Saint Paul's Churchyard (NY, NY)
St. Paul's Chapel, at 209 Broadway, is an Episcopal chapel located on Church Street between Fulton and Vesey Streets, opposite the east side of the World Trade Center site in lower Manhattan in New York City. It is the oldest surviving church building in the city.

A chapel of the Parish of Trinity Church, St. Paul's was built on land granted by Queen Anne of Great Britain, and Andrew Gautier served as the master craftsman. Upon completion in 1766, it stood in a field some distance from the growing port city to the south.

The Hearts of Oak, a militia unit organized early in the American Revolutionary War, and comprised in part of King's College (later, Columbia University) students, would drill in the Chapel's yard before classes nearby. Alexander Hamilton was an officer of this unit.

George Washington, along with members of the United States Congress, worshipped at St. Paul's Chapel on his Inauguration Day, on April 30, 1789.[5] Washington also attended services at St. Paul's during the two years New York City was the country's capital. Above Washington's pew is an 18th-century oil painting of the Great Seal of the United States; adopted in 1782.

The chapel contains several monuments and memorials that attest to its elevated status in early New York: a monument to Richard Montgomery (hero of the battle of Quebec) sculpted by Jean-Jacques Caffieri (1777), George Washington's original pew and a neo-Baroque sculpture called "Glory" designed by Pierre L'Enfant, the designer of Washington, D.C. The pulpit is surmounted by a coronet and six feathers, and fourteen original cut-glass chandeliers hang in the nave and the galleries.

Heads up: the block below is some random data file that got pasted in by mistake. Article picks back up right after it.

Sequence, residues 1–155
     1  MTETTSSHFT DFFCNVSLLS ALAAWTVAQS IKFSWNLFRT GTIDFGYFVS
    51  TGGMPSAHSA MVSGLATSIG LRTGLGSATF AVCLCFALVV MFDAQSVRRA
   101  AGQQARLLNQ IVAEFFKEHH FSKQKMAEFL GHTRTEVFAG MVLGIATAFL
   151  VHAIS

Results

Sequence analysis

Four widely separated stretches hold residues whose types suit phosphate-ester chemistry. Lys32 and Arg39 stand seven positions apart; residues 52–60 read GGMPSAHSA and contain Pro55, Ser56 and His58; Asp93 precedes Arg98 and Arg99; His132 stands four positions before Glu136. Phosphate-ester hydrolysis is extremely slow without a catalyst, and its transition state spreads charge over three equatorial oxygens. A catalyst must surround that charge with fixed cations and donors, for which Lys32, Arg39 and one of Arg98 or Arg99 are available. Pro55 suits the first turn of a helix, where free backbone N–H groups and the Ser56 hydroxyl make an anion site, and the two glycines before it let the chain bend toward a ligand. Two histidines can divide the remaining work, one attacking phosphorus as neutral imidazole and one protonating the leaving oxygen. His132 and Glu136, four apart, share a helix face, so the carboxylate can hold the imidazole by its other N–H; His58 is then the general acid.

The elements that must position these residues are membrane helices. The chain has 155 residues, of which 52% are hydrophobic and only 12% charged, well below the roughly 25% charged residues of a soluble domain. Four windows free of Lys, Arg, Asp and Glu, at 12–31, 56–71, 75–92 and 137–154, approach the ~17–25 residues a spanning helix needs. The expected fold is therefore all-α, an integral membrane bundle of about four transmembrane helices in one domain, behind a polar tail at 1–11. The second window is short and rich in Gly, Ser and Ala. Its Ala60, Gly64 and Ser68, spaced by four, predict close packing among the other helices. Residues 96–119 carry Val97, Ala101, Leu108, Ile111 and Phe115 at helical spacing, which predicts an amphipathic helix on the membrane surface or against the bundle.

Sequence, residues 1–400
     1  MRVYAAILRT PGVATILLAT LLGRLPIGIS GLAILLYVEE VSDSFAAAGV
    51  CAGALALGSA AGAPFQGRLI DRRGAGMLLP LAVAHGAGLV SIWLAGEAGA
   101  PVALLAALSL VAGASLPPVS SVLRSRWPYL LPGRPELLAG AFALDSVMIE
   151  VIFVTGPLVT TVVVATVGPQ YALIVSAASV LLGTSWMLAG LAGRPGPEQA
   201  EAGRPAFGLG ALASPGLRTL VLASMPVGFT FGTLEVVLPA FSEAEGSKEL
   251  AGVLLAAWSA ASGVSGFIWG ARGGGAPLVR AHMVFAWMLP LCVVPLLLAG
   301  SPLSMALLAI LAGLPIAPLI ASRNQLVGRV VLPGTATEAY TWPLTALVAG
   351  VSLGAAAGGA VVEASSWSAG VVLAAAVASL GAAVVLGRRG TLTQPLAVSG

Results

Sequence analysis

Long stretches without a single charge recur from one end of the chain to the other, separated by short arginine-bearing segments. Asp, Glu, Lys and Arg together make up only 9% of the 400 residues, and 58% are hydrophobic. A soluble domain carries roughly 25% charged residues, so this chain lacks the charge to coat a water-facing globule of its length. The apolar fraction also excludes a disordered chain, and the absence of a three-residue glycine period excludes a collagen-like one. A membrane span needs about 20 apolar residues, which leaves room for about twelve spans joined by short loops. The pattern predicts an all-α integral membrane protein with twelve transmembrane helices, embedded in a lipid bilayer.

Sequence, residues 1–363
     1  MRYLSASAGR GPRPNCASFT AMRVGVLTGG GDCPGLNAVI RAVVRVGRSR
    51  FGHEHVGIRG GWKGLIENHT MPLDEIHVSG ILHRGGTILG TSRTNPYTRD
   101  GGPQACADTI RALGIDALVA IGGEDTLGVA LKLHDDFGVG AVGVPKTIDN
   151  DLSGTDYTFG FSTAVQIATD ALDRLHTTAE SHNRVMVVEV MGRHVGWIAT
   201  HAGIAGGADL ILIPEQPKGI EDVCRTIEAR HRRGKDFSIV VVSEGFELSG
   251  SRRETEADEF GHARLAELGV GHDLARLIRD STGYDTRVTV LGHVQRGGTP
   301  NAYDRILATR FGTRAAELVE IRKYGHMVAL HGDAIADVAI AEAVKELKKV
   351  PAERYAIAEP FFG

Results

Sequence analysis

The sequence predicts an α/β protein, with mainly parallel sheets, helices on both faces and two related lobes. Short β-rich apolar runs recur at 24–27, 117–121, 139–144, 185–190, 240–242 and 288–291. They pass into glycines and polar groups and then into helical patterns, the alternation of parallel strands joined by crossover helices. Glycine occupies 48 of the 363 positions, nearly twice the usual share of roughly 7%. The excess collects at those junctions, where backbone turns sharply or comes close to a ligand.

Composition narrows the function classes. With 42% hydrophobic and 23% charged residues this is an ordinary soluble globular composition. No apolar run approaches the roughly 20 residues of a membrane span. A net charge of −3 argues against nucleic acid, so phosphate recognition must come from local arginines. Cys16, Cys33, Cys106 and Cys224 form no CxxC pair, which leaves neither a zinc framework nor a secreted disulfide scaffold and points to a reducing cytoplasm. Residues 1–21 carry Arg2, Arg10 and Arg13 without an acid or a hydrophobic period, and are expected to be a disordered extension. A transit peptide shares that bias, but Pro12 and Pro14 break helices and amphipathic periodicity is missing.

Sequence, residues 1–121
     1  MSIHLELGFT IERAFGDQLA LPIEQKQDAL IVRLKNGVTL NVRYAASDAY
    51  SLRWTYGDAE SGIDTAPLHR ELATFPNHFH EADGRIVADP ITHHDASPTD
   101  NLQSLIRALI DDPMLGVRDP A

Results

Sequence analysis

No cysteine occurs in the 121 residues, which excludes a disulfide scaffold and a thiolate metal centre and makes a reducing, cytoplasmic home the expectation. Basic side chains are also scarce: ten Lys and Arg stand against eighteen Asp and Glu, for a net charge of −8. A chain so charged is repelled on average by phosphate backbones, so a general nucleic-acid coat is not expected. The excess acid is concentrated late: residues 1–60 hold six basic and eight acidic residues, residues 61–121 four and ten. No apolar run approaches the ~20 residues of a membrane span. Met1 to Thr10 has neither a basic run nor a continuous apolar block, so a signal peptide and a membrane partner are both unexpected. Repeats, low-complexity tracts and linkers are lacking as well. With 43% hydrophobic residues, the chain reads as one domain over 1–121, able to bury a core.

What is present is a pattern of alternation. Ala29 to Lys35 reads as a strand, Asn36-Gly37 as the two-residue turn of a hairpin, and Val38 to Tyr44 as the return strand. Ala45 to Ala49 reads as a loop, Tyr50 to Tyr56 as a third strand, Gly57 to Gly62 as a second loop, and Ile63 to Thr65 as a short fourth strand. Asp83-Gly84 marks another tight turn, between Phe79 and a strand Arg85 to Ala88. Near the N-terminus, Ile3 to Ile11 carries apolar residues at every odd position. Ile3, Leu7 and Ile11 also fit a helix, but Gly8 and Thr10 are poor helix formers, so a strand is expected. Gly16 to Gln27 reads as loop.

After the attack on September 11, 2001, which led to the collapse of the twin towers of the World Trade Center, St. Paul's Chapel served as a place of rest and refuge for recovery workers at the WTC site.

For eight months, hundreds of volunteers worked 12 hour shifts around the clock, serving meals, making beds, counseling and praying with fire fighters, construction workers, police and others. Massage therapists, chiropractors, podiatrists and musicians also tended to their needs.

The church survived without even a broken window. Church history declares it was spared by a miracle sycamore on the northwest corner of the property that was hit by debris. The tree's root has been preserved in a bronze memorial by sculptor Steve Tobin.
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